What use would it be, in fact, to build churches of cement and stone if they were not first of all the living Church made of the "living stones", formed by the community of saints, martyrs and believers, all called to holiness?

Every church, especially the cathedral, is par excellence the house of God's encounter with the "worshipping" people. And as Jesus says, "true worshippers" are those who worship the Father "in spirit and truth".

We have just been reminded of this by St. John in the wonderful passage from his Gospel which tells of Jesus' meeting with the Samaritan woman at the well in Sychar.

Today, only a few verses from the entire passage, which constitutes a rich baptismal catechesis, have been presented to us. They help us to reflect on our "vocation" as Church and in the Church. They remind us that each one of us must worship God in spirit and truth with the witness of his or her life, having become, with Baptism, a living temple of God.

Every Christian family is a "little domestic church" centred on Christ, and the community all together is the people whom Christ redeemed at the price of his Blood. In a little while we shall evoke this important theological and spiritual reality with these words from the Preface: May you sanctify this Church, mystically foreshadowed in the sign of the temple, as Bride of Christ, the joyful mother of a great multitude of children, and set her beside you, clothed in glory (cf. Preface II for the Dedication of a Church).

We are led to this point, dear brothers and sisters, by reflection on the event that we are commemorating today. We are gathered in your Cathedral, where there are evident signs of the faith of many generations of Christians who went before you. We are in his wonderful Cathedral, which has undergone a vast restoration, a campaign organized by your Pastor, Bishop Germano Zaccheo, whom I greet with affection and thank for inviting me to preside at today's celebration.

With him I greet all those present, the religious, civil and military Authorities, the priests, consecrated persons and entire diocesan community.

Church's true foundation: Christ

If, today, as I was saying, we are celebrating nine centuries of wonders of faith and love, it is because St. Evasius faithfully followed Christ without fearing death and gave his life for him. Many other men and women imitated St. Evasius and from heaven are now mystically united with the Eucharistic sacrifice we are celebrating.

It is now up to us, all of us, to continue on this path; it is our duty to be a living Church formed of living stones, firmly united to Christ who is the Living Stone, indeed the "Cornerstone" of our spiritual building. This is the church which knows no bounds of time or space; a well-structured body, a mystical family formed by innumerable blesseds, saints and martyrs but also by sinners in need of the constant support of divine mercy. In it no one is a stranger but all are full children of God and "fellow-citizens of the saints".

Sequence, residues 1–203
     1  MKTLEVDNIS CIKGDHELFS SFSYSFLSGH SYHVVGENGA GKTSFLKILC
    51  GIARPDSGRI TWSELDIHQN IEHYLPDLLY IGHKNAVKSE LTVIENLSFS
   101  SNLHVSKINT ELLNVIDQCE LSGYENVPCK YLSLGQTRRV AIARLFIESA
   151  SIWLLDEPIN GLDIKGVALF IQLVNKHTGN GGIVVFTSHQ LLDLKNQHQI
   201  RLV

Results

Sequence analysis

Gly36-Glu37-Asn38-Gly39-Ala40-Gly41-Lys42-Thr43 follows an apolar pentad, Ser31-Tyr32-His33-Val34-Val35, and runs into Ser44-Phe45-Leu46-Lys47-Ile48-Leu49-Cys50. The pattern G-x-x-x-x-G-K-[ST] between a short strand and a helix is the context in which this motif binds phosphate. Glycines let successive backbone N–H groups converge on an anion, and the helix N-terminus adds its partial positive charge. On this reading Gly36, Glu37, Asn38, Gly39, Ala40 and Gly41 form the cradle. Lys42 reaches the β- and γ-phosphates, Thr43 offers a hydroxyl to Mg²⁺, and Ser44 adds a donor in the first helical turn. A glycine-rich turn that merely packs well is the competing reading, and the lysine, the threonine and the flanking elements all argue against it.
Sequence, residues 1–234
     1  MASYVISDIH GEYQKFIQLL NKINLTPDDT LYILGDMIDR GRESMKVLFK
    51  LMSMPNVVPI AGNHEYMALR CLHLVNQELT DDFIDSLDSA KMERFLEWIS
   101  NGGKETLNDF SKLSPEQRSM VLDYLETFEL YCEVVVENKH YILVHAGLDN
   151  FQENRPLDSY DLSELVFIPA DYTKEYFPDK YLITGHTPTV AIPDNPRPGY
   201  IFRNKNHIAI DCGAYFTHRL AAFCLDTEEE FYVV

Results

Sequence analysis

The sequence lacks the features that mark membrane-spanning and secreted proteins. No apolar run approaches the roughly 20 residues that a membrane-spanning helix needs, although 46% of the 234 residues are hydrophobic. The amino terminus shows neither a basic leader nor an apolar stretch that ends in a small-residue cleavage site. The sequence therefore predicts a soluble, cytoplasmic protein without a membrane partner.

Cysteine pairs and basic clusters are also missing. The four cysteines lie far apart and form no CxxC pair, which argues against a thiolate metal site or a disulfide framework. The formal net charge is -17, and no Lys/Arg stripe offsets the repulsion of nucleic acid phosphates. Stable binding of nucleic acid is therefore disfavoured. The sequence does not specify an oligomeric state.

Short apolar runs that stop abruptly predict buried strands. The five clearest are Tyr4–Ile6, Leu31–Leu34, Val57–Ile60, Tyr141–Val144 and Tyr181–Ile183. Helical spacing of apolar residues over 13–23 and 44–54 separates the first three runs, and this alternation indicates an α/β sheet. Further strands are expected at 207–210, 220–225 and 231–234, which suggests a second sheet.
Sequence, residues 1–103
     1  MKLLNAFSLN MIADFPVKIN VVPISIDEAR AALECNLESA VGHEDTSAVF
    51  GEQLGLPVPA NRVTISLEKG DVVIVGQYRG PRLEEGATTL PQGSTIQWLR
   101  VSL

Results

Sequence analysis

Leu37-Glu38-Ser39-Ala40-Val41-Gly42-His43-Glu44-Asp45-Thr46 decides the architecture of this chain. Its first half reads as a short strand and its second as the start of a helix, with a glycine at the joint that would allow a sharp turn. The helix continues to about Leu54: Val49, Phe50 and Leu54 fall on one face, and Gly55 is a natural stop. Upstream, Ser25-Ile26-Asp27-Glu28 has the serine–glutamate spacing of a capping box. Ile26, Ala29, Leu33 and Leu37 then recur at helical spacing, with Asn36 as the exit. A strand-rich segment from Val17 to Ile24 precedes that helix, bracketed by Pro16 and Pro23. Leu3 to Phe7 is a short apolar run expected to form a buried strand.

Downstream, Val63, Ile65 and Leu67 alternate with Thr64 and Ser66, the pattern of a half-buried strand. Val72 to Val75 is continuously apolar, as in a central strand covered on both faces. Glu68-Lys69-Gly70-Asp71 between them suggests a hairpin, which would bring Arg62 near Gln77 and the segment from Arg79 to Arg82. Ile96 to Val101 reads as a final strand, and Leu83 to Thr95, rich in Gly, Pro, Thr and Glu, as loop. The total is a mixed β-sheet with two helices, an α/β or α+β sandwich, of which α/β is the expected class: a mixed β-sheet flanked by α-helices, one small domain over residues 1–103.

The cathedral symbolizes all this. It is a sign down the ages of a Church which does not die because she is founded on the Risen Christ. This temple, made of stones, decorated with art and talent, laden with history and many signs of faith, reminds us of all this.

It is still being restored but is already offering us a renewed face. In this regard, I gladly take the opportunity to compliment those who have carried out this work with such care, as well as those who have promoted and funded it.

I came here about three years ago, in November 2003, to inaugurate the apse, ambulatory and mosaics; I also know that further restoration work has recently been completed in the sacristy. All this is beautiful and only right, but it would be in vain were it not at the same time accompanied by an inner restoration of our souls through a sincere and lasting conversion.

Every material church, St. Caesarius of Arles noted, is a permanent symbol of the Church, a spiritual building. It is necessary to build and restore this spiritual building continually, with the help of all Christians who walk before the Lord with full sincerity and ask him to keep his eyes open night and day on this house, of which he said: "My name shall be there" (cf. I Kgs 8:27-30).

The Byzantine Liturgy says: "Man, return to yourself; become the new man, putting off the old, and celebrate the dedication of your soul".

And St. Athanasius in one of his Easter letters, speaking precisely of the function of churches as places where Christians could meet for prayer, said: "The liturgical celebration sustains us in the afflictions we encounter in this world. Through it, God grants to us that joy of salvation which increases brotherhood. Through the sacramental action of the feast, in fact, he fuses us into one assembly, he unites us all spiritually and makes us rediscover the near and the far.

"The celebration of the Church offers us a way to pray together and to raise our thanksgiving to God as a community. Indeed, this is a requirement proper to every liturgical feast. It is a miracle of God's goodness to feel in solidarity during celebration and to combine in the unity of faith those far and near, the present and the absent" (Letter 5, 1-2; PG 26, 1379-1380).

May St. Evasius and the other saints whom you venerate as protectors help us to stay faithful to our vocation, which is the universal call to holiness. Above all, may Mary, Queen of Saints and the Virgin Mother of Christ and of the Church, help us and accompany us.

Taken from:
L'Osservatore Romano
Weekly Edition in English
24 January 2007, page 3